Here are the two mountains on Lord Howe in 2013, photographed from the other side of the island from the John Gould illustration. So, we did sort of do a trip even if we ended up on Lord Howe instead of Christmas Island. I will prepare the rest of the photos for a trip to Christmas Island and try not to get too diverted by avian rabbit holes.
 
Spending a lot of time in isolation has given me the opportunity to work on the website not only adding birds and mammals from the trip to Brazil and Chile last year (about 120 species at last count), but also digging up neglected photos of other wildlife from earlier trips. If you are interested in checking these out, you can do so via the thumbnails on the Recently Added Photos page: http://www.birdway.com.au/recent_additions.php.
 
Greetings and stay safe,
Ian

Ian Montgomery,
454 Forestry Road, Bluewater, Qld 4818
Phone: 0411 602 737 +61-411 602 737
Preferred Email: ian@birdway.com.au

Recorder Society http://www.nqrs.org.au

 

Lee’s Addition:

I am always grateful when I get the surprise Birds of the “Moment” from Ian. When he used to do the Bird of the Week, they were very regular. Now, I love being surprised by Ian. [He is becoming almost as “off-schedule” as I am.] At any rate, what a beautiful and neat looking Thrush. Thanks, Ian for sharing another avian wonder with us.

“Even the stork in the sky Knows her seasons; And the turtledove and the swift and the thrush Observe the time of their migration; But My people do not know The ordinance of the LORD.” (Jeremiah 8:7 NASB)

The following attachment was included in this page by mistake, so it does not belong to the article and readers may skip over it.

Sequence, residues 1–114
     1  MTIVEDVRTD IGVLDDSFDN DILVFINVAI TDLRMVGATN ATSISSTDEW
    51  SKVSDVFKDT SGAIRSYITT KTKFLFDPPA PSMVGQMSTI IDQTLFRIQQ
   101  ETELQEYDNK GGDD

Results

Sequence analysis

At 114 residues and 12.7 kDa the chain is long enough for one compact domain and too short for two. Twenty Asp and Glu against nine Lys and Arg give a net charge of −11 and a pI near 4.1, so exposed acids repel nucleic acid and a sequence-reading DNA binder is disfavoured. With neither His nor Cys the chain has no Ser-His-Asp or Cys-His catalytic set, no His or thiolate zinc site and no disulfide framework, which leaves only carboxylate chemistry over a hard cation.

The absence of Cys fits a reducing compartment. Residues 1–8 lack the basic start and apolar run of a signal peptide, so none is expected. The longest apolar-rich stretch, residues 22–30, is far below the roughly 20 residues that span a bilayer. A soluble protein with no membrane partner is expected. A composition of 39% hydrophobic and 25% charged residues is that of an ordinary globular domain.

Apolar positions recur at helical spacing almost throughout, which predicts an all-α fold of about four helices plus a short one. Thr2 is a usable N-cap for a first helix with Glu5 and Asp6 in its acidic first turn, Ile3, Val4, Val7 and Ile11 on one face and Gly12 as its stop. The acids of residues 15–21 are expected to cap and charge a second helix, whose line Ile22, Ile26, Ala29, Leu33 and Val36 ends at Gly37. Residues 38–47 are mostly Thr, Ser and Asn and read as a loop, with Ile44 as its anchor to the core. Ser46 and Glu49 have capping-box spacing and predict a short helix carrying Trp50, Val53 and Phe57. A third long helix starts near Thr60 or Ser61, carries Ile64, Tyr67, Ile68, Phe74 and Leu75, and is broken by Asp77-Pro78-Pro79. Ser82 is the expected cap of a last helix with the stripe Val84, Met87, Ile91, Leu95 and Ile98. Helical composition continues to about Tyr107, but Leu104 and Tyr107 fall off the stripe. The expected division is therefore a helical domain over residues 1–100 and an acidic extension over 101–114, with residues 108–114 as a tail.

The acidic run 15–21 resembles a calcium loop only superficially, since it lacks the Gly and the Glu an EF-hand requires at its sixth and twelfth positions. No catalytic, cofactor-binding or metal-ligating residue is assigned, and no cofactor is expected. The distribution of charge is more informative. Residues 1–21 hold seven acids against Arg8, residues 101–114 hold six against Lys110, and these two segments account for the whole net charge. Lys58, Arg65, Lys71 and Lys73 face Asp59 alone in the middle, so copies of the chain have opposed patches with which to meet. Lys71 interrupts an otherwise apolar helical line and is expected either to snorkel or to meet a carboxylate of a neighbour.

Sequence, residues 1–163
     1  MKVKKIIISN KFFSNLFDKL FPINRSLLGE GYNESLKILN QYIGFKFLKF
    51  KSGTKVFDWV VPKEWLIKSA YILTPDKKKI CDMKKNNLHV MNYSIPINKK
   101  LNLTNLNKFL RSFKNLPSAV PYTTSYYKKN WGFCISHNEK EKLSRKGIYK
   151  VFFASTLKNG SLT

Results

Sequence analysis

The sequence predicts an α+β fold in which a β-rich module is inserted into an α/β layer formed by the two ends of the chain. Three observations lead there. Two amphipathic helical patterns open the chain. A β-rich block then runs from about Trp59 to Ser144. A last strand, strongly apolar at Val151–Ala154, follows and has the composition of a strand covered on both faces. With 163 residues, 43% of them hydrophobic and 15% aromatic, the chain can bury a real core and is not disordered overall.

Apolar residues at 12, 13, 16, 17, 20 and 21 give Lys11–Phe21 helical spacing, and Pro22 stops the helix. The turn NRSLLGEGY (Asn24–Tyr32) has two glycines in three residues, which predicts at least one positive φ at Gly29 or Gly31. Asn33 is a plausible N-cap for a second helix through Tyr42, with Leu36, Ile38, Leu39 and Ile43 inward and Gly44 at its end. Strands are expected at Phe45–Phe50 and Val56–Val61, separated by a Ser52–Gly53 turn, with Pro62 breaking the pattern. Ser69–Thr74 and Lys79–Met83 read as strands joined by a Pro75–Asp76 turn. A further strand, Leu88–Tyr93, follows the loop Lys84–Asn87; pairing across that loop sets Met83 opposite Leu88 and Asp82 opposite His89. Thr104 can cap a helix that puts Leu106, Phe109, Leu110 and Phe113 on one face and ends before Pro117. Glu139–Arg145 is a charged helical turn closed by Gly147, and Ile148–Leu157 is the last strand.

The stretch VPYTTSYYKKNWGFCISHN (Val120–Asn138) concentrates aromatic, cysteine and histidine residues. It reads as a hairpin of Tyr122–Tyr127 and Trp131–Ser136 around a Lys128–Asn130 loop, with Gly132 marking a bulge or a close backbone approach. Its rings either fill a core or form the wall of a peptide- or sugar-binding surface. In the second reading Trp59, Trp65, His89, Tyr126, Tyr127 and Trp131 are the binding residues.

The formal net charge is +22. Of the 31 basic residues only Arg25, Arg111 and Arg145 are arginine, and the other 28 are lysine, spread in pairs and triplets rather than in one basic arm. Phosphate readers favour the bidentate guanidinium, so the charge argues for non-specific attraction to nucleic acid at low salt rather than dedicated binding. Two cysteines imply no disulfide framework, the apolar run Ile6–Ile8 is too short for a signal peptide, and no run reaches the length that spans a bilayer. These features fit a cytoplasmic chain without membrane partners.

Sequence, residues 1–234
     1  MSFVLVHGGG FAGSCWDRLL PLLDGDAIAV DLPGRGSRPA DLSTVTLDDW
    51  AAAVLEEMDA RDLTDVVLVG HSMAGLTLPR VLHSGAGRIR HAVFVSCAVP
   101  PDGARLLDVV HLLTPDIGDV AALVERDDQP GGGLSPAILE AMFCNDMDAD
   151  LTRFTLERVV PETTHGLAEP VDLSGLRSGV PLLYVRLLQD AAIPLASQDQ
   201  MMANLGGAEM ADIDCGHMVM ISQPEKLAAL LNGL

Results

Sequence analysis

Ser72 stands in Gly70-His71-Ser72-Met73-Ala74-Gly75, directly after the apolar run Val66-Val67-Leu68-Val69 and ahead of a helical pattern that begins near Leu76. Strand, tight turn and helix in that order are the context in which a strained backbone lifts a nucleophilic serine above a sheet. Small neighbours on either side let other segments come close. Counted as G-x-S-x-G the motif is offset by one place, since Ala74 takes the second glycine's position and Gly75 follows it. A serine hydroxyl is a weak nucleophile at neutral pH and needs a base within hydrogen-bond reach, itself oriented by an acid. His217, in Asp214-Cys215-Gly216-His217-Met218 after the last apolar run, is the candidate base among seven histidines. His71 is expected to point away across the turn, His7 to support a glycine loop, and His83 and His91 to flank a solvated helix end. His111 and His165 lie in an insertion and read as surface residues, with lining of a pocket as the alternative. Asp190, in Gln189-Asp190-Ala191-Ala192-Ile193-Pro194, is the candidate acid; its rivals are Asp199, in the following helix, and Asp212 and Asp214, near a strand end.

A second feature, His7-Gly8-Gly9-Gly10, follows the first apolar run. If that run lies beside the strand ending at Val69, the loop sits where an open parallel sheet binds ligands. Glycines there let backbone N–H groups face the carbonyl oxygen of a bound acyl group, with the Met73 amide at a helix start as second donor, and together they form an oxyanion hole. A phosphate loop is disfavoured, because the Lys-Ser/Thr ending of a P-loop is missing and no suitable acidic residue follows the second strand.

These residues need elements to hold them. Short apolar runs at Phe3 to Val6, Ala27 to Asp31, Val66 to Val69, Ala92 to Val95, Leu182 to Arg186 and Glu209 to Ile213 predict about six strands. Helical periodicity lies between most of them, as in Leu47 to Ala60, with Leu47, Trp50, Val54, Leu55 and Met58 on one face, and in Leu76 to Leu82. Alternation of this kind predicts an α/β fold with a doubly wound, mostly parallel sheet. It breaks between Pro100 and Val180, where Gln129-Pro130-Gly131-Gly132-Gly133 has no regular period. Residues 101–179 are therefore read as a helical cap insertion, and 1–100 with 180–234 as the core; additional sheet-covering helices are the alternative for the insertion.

Birds of the Bible – Thrushes

Ian’s Birds of the Week/Moment

Ian’s Bird of the Week – Christmas Island White-eye

Christmas Island White-eye (Zosterops natalis) by Ian

Ian’s Bird of the World – Christmas Island White-eye ~ by Ian Montgomery

Newsletter ~ 12/23/14

Here is a Christmas Island endemic to celebrate the festive season appropriately. It’s not the most spectacular bird but all the other birds with ‘Christmas’ in the name that I’ve photographed have already featured as bird of the week.
Happily, it’s quite partial to posing beside spectacular flowers, first and third photos and its endemic status gives it special significance. The first two photos were taken at the Christmas Island Resort on the eastern side of the island, – that’s Christmas Island in the Indian Ocean, not Christmas Island (Kirimati part of Kiribati) in the Pacific. The resort used to be a casino for Indonesian high-rollers, opened by an enterprising entrepreneur in 1993 following the closure in 1981 of the three licensed Indonesian casinos in Jakarta, a mere one hour away by private jet. It closed in 1998, a victim of the Asian financial crisis and was empty when we visited it in 2006. It has recently reopened as an ordinary resort, promoting more socially acceptable activities such as honeymoons and bird watching.